After a day of (almost) leisure in San Luis Potosi, we woke early, ready for our side trip to Tamosopo & Puente de Dios.
The road near our hostel had been a construction site, so we offered to meet the tour guide at the hotel which also housed the tour company (Potosina), so it was bright and early folk that could spy us patiently waiting in the lobby of Hotel Napoles.
Before long, a minivan pulled up, and 4 of us (2 Mexican tourists were also waiting there) met Carlos, our Mexican Spanish and English speaking guide for the day. A quick detour to pick up one more person, a vacationer from Chile, and we were on our way.
It was about 4 hours later (with a quick stop at Rio Verde offering the chance to grab a bite, or use a bathroom where we also spied some Mennonites selling corn hot off the grill) that we made the descent into the valley that houses the actual township of Tamosopo.
From there it was a short trip, perhaps 10 minutes to our first stop, and the main reason we had sought this tour, Puente de Dios.
We’d been given the tip on this place from our Australian friend Eddie (met in Zacatecas) who’d not actually been, but was given the tip from a local who suggested several locations.
A quick Google search, and this was the winner for us, hands down.
Carlos advised that some people can find the climb down (which includes 157 steps) difficult, but for us it was nothing. Just be sure to take care in some places, as it can get quite slick.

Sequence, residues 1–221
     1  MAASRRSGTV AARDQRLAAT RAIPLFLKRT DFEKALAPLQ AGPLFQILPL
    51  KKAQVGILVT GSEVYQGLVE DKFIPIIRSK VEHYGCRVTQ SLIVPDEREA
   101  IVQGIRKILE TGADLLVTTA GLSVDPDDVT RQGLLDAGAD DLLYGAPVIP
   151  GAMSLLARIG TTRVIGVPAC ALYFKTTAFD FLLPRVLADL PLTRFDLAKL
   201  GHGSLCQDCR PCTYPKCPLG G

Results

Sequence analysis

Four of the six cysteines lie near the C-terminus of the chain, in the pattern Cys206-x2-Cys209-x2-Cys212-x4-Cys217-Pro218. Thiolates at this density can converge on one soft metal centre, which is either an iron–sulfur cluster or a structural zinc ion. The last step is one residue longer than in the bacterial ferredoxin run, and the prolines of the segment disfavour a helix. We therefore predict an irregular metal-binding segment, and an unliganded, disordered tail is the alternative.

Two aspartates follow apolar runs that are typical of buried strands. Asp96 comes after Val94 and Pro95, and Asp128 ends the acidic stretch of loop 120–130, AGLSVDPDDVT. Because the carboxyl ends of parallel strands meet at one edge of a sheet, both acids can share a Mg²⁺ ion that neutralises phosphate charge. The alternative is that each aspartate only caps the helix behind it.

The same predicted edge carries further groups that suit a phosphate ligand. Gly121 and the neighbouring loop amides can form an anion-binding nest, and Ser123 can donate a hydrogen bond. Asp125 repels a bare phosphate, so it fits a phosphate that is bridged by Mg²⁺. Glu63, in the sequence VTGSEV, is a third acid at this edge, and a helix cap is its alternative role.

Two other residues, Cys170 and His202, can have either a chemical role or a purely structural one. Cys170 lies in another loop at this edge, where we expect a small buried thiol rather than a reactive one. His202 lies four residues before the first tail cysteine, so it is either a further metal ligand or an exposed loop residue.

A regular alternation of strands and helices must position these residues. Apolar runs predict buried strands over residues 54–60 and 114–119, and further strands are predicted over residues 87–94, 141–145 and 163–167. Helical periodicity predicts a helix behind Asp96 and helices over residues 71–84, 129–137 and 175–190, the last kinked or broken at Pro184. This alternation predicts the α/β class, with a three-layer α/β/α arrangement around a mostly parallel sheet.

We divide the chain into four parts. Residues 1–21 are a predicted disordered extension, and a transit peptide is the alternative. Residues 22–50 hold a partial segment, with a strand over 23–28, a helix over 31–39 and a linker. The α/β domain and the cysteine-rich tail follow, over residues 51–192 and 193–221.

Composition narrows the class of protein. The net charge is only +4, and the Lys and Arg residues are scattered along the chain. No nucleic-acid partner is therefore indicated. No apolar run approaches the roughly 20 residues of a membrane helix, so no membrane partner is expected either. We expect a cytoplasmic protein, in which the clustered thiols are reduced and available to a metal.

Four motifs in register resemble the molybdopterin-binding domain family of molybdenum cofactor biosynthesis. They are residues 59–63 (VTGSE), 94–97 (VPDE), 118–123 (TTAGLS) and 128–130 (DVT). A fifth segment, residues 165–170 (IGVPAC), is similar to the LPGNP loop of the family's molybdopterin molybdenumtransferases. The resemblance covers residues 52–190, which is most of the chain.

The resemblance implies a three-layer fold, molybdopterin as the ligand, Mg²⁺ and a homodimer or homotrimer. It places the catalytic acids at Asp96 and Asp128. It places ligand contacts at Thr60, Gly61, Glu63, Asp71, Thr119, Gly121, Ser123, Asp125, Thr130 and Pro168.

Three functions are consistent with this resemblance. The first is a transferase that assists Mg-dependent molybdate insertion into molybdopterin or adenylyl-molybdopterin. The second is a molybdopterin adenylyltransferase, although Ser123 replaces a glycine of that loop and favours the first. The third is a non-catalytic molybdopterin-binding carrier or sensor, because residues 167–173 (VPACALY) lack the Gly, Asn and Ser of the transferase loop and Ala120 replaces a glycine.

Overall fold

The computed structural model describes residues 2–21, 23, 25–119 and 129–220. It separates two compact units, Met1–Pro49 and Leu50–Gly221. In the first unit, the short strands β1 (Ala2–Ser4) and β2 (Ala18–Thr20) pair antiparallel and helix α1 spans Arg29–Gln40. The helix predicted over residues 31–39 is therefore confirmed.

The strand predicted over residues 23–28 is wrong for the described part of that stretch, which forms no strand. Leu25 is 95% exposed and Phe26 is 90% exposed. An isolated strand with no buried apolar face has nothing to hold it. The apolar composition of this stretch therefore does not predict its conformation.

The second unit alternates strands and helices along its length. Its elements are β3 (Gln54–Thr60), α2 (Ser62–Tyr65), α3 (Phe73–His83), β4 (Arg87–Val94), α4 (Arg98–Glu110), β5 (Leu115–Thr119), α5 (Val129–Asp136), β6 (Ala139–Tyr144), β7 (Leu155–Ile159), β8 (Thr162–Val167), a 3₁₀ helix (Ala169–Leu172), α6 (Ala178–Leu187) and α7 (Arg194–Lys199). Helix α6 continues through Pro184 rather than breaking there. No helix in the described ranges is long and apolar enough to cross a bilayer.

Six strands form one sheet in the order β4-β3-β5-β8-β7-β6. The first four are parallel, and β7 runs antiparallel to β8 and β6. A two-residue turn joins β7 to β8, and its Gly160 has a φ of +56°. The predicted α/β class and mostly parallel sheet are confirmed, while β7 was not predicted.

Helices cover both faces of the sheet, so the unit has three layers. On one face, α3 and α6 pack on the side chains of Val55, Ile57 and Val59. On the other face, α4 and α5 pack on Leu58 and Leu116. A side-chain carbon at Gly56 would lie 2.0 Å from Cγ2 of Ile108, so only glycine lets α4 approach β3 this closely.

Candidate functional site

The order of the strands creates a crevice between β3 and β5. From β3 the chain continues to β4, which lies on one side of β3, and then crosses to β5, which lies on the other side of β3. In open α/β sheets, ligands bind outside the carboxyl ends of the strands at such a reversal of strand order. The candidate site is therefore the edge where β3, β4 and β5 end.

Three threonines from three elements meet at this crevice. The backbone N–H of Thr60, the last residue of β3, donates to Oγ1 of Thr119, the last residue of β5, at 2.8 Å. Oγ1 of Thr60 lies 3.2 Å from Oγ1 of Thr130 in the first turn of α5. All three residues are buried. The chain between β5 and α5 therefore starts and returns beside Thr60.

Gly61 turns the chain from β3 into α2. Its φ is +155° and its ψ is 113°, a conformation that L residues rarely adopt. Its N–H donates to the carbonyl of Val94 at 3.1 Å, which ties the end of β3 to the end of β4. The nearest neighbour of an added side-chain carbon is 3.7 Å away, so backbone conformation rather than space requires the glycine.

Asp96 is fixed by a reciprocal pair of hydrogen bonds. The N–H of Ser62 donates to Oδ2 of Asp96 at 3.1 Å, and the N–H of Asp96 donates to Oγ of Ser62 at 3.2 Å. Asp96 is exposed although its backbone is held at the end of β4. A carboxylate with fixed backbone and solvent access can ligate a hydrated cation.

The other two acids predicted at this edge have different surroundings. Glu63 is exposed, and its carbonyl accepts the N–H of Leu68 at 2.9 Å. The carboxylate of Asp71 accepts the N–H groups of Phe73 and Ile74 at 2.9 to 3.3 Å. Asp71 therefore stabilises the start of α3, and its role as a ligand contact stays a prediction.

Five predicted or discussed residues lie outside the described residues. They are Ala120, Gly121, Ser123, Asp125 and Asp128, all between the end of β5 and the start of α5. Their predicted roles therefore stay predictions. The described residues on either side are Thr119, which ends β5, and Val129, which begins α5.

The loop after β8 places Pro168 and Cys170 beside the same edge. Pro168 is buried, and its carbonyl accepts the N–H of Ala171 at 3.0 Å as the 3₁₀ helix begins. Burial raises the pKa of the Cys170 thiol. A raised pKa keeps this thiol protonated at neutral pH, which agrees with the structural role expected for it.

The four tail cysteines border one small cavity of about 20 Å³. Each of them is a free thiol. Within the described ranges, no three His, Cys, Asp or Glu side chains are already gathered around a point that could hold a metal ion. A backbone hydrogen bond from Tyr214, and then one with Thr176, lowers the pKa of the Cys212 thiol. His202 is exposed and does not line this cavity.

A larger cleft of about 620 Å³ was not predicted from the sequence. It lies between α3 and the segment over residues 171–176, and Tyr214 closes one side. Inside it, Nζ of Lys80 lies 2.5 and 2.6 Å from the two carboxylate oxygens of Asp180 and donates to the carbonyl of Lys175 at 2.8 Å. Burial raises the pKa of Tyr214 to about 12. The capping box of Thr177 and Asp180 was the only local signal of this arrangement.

Rio Puente de Dios is the river that feeds the pool to which we were headed, and it was this that we sighted first.
Apparently the river is flowing much lower at this time of year, but we could still hear the power of the falls not too distant.
A little further down the path was a wooden lookout where we could both see one of the falls that fed the pool, as well as glimpse the pool itself, so we stopped for a bit of a look, as well as to take a few snaps.
Carlos our guide was even kind enough to take a couple of these 2 intrepid adventurers!
We could already hear (and see the odd person in the water) a gaggle of voices, and not much further down the path stood another wooden platform, this one providing an incredible view of the pool itself (there are actually 2 pools linked by a water cave).
It was incredibly difficult trying to get to the railing to see, as many people stood there basically refusing to move.
The pool itself was the most incredible blue, with 2 yellow ropes crisscrossed its length and width, we assumed to aid swimmers.
Earlier we’d asked our guide if we’d be swimming here, but he’d said not. At the insistence of our Chilean companion however, he acquiesced, so donning the mandatory life jackets which you are not allowed to enter the pool without, we stripped down ready to take a dip (for me it was quite literal, as I’d earlier left my swim shorts in the van, expecting to need them later, so here I was in underwear).
Earlier we’d been a little perplexed by the seemingly strict (by Mexican standards) safety restrictions, however as soon as we’d entered the water, we could feel why.
The power of the river was intense, so without the life jackets weaker swimmers would flounder, and without the ropes, it would be incredibly difficult, not to mention tiring, to try and swim around.
I’d brought our waterproof camera along (but not my swimming shorts, go figure), in the hope of getting a few shots from within the pool, but it was incredibly hard to remain still in the churning waters (hence most of my attempts were blurry)!
The river felt similar to being in an ocean rip, so keeping steady wasn’t easy, but thankfully our Chilean friend at least managed to snap one of us!